Ed Moore

Mission Viejo, United States

Since childhood, I have enjoyed drawing and writing. My career centered on writing, but now that I am retired, I am focusing on my art.

Veteran's Day

An Open Letter to My Grandfather, Father, Son and their Friends in the Military…

In the United States, today is Veteran’s Day. A lot of people in this country are opposed to our military, and to you. But I, for one, am using this day to honor you and your service to this great country.

Even though you aren’t with us, grandpa, I remember your tales of fighting in WWI. The trenches. The bombs. The story of the longest hour leading up to 11 am on November 11, 1911. I recall the story of how you fought up to 10:59:59 that day, and at 11 am, everything stopped and the war was over. “All quiet on the Western Front,” they said.

It’s amazing to me how many people today don’t know this history of this day, so here is a look back at its history in the USA:

U.S. President Woodrow Wilson first proclaimed an Armistice Day for November 12, 1919. The United States Congress passed a concurrent resolution seven years later on June 4, 1926, requesting the President issue another proclamation to observe November 11 with appropriate ceremonies. An Act (52 Stat. 351; 5 U. S. Code, Sec. 87a) approved May 13, 1938, made the 11th of November in each year a legal holiday; “a day to be dedicated to the cause of world peace and to be thereafter celebrated and known as ‘Armistice Day’.” In 1953, an Emporia, Kansas, shoe store owner named Al King had the idea to expand Armistice Day to celebrate all veterans, not just those who served in World War I. King had been actively involved with the American War Dads during World War II. He began a campaign to turn Armistice Day into “All” Veterans Day. The Emporia Chamber of Commerce took up the cause after determining that 90% of Emporia merchants as well as the Board of Education supported closing their doors on November 11, 1953, to honor veterans. With the help of then-U.S. Rep. Ed Rees, also from Emporia, a bill for the holiday was pushed through Congress. President Dwight Eisenhower signed it into law on May 26, 1954. Congress amended this act on November 8, 1954, replacing “Armistice” with Veterans, and it has been known as Veterans Day since.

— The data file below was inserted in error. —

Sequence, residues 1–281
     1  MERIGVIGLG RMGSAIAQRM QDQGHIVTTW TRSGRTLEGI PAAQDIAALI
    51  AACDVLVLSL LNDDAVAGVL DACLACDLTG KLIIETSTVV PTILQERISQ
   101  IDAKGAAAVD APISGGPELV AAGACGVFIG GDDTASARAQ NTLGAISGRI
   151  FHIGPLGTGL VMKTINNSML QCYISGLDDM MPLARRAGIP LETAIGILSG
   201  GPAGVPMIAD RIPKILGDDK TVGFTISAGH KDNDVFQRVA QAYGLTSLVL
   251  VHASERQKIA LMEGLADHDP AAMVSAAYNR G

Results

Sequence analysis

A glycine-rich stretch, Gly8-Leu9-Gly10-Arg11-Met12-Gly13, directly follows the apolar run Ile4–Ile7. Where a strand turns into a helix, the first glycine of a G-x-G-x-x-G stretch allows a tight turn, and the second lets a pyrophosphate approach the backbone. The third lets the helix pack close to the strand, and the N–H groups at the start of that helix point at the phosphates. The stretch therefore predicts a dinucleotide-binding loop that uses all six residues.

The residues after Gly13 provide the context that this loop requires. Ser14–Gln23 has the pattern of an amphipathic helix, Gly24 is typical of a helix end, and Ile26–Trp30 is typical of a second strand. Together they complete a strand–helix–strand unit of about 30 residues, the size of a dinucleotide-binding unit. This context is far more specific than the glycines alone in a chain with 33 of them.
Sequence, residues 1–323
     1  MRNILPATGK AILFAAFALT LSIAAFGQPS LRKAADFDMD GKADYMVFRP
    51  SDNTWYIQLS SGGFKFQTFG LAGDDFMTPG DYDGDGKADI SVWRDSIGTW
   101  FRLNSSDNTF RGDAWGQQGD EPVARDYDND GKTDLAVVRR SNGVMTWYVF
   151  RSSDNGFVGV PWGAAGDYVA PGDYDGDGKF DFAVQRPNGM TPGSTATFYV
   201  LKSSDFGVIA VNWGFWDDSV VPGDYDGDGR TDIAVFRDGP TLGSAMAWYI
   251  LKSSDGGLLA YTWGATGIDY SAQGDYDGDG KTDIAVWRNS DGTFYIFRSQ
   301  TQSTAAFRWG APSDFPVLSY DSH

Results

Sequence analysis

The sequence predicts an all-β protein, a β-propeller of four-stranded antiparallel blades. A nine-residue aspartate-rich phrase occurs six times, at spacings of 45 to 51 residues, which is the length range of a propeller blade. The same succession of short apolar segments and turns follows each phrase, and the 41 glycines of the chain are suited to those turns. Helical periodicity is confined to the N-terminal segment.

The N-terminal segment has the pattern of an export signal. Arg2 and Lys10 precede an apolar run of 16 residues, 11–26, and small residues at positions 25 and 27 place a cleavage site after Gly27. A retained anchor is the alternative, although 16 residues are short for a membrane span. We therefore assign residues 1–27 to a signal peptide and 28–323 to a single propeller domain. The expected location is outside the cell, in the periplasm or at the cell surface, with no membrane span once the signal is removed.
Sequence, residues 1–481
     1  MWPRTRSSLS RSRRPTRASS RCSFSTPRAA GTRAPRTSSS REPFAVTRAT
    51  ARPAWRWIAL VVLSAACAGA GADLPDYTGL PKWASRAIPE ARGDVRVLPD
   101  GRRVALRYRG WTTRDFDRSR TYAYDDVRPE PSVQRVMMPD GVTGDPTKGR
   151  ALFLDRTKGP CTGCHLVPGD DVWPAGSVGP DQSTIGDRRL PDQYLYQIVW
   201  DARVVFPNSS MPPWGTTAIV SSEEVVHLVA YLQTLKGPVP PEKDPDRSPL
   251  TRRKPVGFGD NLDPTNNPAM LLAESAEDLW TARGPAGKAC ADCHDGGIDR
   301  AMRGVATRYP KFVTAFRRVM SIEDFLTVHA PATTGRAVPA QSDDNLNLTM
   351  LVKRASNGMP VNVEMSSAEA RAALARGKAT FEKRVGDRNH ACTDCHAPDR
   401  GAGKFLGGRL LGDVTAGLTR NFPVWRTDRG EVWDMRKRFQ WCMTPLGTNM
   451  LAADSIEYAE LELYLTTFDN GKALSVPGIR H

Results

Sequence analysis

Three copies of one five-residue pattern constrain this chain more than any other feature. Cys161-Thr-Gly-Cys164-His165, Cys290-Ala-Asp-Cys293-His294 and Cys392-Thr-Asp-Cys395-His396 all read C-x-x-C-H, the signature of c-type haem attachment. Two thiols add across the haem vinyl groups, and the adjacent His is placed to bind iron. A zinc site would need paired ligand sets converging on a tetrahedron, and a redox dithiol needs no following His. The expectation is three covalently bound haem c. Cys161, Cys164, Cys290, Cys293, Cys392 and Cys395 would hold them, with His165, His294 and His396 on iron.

And to my father: You are now blind in both eyes and 88. Most of your friends are dead or in nursing homes. But I want to thank you today for defending our country in WWII. You never talk about many of the things you saw or did. I can only imagine the horrors. Thank you and your buddies for freeing the French, England and other Europeans from the onslought of Hitler. Brave men all. I appreciate my freedom. Thank you.

And to my son: You came back from Iraq, and I thank God every day for your safe return. You and Matt did and saw some horrific things when we invaded that country for the second time. And like my father, you tend not to discuss it much. But I see you living with the horrors. And I see the pain ease as you hold your daughter, who lights up your eyes and your life. She lights up mine as well. I recall how nervous I was for the 8 months you were away. I lived in fear that two Marines would walk up to my doorstep with news. I am thankful that never happened to me, but it happened to others, and for them I cry openly and in my heart, and will forever more.

So today I will put out the American Flag and the Marine Corps flag, and fly them in your names. I will also say a prayer of thanks to God for the three of you, and your friends. I wish I could do more. Thank you.



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